The mortgage was of the usual character and provided:
"* * * have bargained, sold and conveyed, and by these presents do bargain, sell and convey unto Joseph Erickson and Cora Erickson, parties of the second part, and to their heirs, the following described premises * * * but in case default shall be made in payment of the principal or any or either of the installments as therein provided, then the said Joseph Erickson and Cora Erickson or their heirs as the case may be, may sell the premises above described, with all and every of the appurtenances, or any part thereof in the manner prescribed by law * * * and the overplus, if any there be, pay over to the said Charles D. Erickson, Walter S. Erickson and Irving T. Erickson, their heirs or assigns; and the said parties of the first part, for their heirs, executors and administrators do covenant and agree to pay the said parties of the second part, or their heirs, the said sum of money as above mentioned."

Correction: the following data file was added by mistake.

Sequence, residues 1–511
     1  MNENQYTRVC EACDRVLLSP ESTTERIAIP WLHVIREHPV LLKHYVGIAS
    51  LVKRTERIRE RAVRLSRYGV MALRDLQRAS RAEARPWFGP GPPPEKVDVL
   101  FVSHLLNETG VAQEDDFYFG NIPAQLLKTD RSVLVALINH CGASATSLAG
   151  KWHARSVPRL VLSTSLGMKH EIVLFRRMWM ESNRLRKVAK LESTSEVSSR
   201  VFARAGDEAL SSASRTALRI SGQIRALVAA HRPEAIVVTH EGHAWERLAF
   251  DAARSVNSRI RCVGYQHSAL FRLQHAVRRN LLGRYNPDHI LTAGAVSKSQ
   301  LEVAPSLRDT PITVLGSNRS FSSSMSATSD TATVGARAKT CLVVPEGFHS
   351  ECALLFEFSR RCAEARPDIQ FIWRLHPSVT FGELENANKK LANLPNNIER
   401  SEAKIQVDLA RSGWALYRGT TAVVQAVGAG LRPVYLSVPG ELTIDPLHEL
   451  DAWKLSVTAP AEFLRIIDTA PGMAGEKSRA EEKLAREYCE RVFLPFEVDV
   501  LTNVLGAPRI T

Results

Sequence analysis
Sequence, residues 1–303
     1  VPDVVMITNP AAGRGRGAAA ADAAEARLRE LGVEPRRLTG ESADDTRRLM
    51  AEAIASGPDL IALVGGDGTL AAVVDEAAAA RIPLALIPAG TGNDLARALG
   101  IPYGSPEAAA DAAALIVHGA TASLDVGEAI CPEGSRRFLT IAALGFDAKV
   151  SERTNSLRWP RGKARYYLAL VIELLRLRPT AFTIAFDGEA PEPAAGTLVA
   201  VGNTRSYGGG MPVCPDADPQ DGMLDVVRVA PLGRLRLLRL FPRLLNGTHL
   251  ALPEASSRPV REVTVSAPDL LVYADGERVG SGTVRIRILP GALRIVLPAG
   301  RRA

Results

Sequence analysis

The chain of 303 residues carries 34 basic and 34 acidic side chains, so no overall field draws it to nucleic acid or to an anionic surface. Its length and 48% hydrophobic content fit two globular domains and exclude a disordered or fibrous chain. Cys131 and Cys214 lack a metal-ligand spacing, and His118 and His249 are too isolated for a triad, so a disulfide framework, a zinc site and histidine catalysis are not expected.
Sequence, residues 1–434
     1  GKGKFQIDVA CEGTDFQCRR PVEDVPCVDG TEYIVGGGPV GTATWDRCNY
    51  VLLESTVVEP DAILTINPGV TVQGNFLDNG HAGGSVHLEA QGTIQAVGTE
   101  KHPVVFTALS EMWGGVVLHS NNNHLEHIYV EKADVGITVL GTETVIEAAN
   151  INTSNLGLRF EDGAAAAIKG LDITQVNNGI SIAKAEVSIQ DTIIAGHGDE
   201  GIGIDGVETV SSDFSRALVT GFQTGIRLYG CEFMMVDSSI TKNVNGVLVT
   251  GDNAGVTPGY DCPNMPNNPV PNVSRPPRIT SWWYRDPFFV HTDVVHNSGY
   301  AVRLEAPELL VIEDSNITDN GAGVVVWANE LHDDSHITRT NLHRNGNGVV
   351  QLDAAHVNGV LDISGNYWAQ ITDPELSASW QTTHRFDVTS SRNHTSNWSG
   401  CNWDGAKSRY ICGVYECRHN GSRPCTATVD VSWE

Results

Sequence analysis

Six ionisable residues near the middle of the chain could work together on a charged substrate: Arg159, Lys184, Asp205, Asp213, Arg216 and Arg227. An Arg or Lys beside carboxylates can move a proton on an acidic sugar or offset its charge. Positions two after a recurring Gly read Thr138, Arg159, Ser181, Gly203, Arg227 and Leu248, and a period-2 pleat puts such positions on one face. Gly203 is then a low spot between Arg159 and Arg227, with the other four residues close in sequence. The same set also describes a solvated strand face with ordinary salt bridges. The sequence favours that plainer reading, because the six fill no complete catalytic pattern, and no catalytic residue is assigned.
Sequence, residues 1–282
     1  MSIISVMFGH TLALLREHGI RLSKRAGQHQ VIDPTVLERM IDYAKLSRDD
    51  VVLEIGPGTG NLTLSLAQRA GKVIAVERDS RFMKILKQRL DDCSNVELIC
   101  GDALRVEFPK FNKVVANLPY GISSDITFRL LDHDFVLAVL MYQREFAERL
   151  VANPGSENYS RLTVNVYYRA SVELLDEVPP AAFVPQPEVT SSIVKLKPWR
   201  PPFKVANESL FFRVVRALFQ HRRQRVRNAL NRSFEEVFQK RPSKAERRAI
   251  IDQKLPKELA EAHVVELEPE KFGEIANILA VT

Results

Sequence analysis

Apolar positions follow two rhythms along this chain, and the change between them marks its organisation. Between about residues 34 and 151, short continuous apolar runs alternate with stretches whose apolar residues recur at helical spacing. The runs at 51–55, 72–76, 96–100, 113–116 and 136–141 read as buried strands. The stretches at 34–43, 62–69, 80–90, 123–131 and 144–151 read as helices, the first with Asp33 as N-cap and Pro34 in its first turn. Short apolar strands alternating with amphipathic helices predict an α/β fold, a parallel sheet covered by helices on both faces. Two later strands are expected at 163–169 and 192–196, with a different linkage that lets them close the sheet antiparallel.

The deed, note, mortgage and bill of sale were executed January 2, 1926.
With the conclusion of the transactions just mentioned, the three defendants went into possession of the dairy farm as owners. Their parents, however, continued to make their home upon the property until death, and the boys maintained the payments required by their parents. At the time of the father's death, May 27, 1927, defendants had paid upon the note a total of $1,833.81, leaving a balance due of $22,166.19. They spent other sums of substantial size in making improvements upon the place. May 14, 1926, the three defendants sold a fifteen-acre portion of the farm, and at that time their parents executed a release of the mortgage upon the tract sold.